According to the award announcement letter, Turner was selected because of his “passion and exemplary work in community youth outreach programs is a testimony of the vision and mission of the College of Education and Human Development.”
The award presentation will take place on stage, Thursday, May 14, 2009 at 7 p.m. in the Northrop Memorial Auditorium, University of Minnesota.
“I am surprised and very happy to receive such a prestigious award. I have strived to empower many youth and families in Minnesota,” said Turner.
Turner was recruited as a student athlete in 1970 to attend the University of Minnesota. While pursuing his academic credentials, he excelled as a star basketball player from 1971-’73. He was drafted by the Milwaukee Bucks of the NBA and played several years in Europe from 1973-’75. Turner returned to the U of M to receive a bachelor’s degree in education in 1976, and again returned to the U of M in 1984 to earn a MSW degree in social work in 1986.
In 1976 Turner began his family advocacy career as a caseworker with the Big Brothers/Big Sisters organization. He was promoted to Supervisor in 1987.
From 1988 to 2002, Turner worked as Associate Director of Family Alternatives, a private foster care agency located in Minneapolis that worked with the various county systems, the host contract being provided by Hennepin County.
In 1994, Turner co-founded the Past Athletes Concerned about Education (PACE) organization to work with Twin Cities public schools, mentoring and tutoring thousands of students, with a special focus on African American males experiencing academic and behavior problems.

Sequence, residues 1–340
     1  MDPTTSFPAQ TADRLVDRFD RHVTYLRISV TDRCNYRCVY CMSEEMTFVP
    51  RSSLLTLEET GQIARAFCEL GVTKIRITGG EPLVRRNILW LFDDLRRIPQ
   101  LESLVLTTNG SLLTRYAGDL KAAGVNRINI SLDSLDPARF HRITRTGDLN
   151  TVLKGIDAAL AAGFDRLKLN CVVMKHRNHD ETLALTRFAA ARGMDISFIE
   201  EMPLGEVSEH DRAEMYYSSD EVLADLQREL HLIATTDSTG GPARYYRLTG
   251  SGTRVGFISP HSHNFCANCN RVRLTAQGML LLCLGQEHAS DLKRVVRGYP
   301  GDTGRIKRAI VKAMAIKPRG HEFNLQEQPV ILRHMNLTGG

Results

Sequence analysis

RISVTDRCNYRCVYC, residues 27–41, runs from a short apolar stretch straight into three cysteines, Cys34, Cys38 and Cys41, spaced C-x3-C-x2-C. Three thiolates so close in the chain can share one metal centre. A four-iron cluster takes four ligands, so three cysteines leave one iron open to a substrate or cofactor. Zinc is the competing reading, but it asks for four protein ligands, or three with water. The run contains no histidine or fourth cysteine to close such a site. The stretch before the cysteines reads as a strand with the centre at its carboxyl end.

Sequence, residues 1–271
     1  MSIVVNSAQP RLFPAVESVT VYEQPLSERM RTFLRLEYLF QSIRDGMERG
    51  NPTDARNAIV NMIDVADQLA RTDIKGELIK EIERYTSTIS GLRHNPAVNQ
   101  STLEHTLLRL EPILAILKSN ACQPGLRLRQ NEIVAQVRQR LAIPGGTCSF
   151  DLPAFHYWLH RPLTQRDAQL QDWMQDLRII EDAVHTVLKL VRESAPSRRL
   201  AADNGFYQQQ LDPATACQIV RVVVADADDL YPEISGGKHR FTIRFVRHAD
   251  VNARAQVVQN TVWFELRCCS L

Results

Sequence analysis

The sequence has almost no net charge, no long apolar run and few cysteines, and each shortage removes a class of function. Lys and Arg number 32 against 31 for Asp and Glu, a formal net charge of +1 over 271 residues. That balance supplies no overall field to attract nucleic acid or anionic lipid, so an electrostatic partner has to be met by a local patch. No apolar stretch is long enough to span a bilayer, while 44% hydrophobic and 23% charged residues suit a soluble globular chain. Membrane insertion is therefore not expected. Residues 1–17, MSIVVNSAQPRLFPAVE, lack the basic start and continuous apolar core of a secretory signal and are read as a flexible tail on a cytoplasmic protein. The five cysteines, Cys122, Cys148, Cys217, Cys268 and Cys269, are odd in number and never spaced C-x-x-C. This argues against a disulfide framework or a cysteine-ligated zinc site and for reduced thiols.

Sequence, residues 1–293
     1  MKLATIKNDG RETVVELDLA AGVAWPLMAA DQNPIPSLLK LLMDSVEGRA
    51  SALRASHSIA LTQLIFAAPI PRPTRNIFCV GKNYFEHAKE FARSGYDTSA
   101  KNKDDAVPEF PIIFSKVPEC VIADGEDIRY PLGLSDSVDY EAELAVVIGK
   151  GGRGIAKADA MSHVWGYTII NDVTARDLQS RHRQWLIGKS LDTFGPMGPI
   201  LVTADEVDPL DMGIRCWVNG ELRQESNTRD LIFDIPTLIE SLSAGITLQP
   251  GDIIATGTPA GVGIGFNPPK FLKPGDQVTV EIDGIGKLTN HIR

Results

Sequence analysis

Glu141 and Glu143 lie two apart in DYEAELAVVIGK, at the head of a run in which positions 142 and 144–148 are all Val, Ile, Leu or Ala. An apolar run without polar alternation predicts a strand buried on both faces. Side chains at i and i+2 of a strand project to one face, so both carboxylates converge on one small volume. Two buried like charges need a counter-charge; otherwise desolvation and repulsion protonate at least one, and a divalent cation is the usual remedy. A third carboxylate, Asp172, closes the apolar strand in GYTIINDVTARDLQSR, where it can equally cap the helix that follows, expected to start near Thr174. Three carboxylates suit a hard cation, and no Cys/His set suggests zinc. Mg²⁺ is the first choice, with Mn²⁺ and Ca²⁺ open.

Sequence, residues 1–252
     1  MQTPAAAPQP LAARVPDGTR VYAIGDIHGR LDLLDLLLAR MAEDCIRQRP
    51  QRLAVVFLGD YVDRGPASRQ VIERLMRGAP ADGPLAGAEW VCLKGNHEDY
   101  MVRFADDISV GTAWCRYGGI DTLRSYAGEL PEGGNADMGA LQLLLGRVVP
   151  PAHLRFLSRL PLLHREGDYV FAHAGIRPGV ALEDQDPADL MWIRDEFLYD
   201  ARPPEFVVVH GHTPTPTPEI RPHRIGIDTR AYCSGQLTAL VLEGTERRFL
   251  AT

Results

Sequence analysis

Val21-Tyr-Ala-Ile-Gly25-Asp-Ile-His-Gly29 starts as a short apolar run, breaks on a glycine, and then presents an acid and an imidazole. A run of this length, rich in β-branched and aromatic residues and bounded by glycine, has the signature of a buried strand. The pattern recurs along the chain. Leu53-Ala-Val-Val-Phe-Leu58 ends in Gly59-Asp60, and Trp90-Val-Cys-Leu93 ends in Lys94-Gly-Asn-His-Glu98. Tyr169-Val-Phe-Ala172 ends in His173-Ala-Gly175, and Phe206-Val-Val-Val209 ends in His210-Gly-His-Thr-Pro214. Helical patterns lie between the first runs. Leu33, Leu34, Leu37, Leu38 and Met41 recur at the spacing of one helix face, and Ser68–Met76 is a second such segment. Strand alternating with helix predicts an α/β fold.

In 2002 Turner was selected by Ramsey County Human Services to be the Manager of the Intake Division of the Child Protection unit.
In 2007 he became the Manager of the Ramsey County Family Services Division, composed of the Child Foster Care, Adult Foster Care, Adoption & Guardianship, and Child Care units.
Turner has served on the board of the Phyllis Wheatley organization, the YMCA, Mentoring Partnership of Minnesota organization, and the National Foster Parent organization’s Board of Directors.
He also served on the Hennepin County Blue Ribbon Task Force on Disproportionality and Disparate Outcomes of Placements of Children of Color in the Family Services System.
Turner has provided numerous trainings on team building, diversity issues, mentoring, the Search Intstitute’s Forty Assets philosophy, and strength-based programming.
Especially close to his heart is the Clyde Turner Educational Basketball Camp, which he founded 26 years ago to focus on urban children. To date, the camp has served over 10,000 boys and girls in the Twin Cities area. “Every time a young voice speaks, a more mature ear should listen and hear,” said Turner.